by Jean M. Auel
When as a teenager I first read this novel set in a Paleolithic ice age, I found it fascinating and enthralling. I couldn't put it down. I felt like I had plunged into another world, that I could see the prehistoric jungle about me, the vast flora and fauna, the great beasts and brutality. The premise hinges on the possibility that two early races briefly co-existed: Neanderthal and Cro-Magnon man. Auel portrays Neaderthals as being short, swarthy, dull and sexist brutes, whereas the Cro-Magnon are tall, blonde, blue-eyed, intelligent and open-minded. The story is centered on the conflicts caused by their differences.
Basically, it goes like this: a young Cro-Magnon child named Ayla is orphaned during an earthquake. The same earthquake has displaced a tribe of Neanderthals, and they find her lying injured on the path in their search for a new home. Against the inclination of many clan members, who distrust anything different and "other" she is picked up by the medicine woman, who adopts her into the "Clan". As Ayla grows and matures, her differences become unmistakable. She is adroit at learning and besides absorbing all the expected survival skills, becomes an accomplished healer and medicine woman. She also learns to make weapons and hunt in defiance of Clan rules, which forbid such activities to women. She challenges the authority of all the powerful men in the clan, friends and foes alike, simply by being a woman who is smarter than they are. Eventually her defiance of the Clan's way of life reaches a crisis, and they must decide whether to allow her to remain with them (and take advantage of her skills) or throw her out and rid themselves of the threat she poses.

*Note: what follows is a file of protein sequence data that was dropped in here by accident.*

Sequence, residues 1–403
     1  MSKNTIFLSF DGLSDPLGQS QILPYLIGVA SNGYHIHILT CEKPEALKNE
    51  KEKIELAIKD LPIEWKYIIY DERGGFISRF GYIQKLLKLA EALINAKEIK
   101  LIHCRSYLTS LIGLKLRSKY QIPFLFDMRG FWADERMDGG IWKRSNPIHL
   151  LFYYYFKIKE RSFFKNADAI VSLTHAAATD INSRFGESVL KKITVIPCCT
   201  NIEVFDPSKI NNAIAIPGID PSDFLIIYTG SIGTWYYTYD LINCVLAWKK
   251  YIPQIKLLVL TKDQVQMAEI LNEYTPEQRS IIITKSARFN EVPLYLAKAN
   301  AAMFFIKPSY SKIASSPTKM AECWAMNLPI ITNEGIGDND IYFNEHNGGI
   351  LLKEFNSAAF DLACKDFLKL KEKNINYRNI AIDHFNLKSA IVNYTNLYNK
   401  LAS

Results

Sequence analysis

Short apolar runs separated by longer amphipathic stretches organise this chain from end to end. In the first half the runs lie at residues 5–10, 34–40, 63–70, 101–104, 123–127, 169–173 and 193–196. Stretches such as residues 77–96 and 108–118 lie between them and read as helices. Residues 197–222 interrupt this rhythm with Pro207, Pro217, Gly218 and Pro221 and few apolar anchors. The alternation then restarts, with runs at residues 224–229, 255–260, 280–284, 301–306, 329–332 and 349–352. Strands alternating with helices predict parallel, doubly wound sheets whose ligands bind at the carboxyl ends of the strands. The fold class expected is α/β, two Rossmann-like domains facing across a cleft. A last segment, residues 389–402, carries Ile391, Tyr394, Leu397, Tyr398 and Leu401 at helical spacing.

I loved reading Clan of the Cave Bear because of the rich descriptions. The wealth of detailed information on herbal lore, weapon making, cooking methods and other survival skills of primitive man blew me away. Apparently the author closely researched how prehistoric man may have lived and survived, even fashioning crude weapons herself and building an ice cave to live in. However, her depiction of the social structure and attributes of early man is based on modern social dynamics, feminist leanings and her own active imagination. It is probably not very realistic and has met with much criticism by anthropologists and historians.
Despite the controversy surrounding its authenticity, this book and its following saga of prehistoric novels collectively called the Earth's Children has met with much success. I attribute this to Auel's superb storytelling, not the nature of her facts. There are many strong themes present in The Clan of the Cave Bear. Survival, acceptance, and what it means to be true to yourself. More than anything else, it is a story about human nature, the dynamics of power, and the strength of courage and love in the face of betrayal.
Rating: 5/5 ........ Published 1980, 497 pgs
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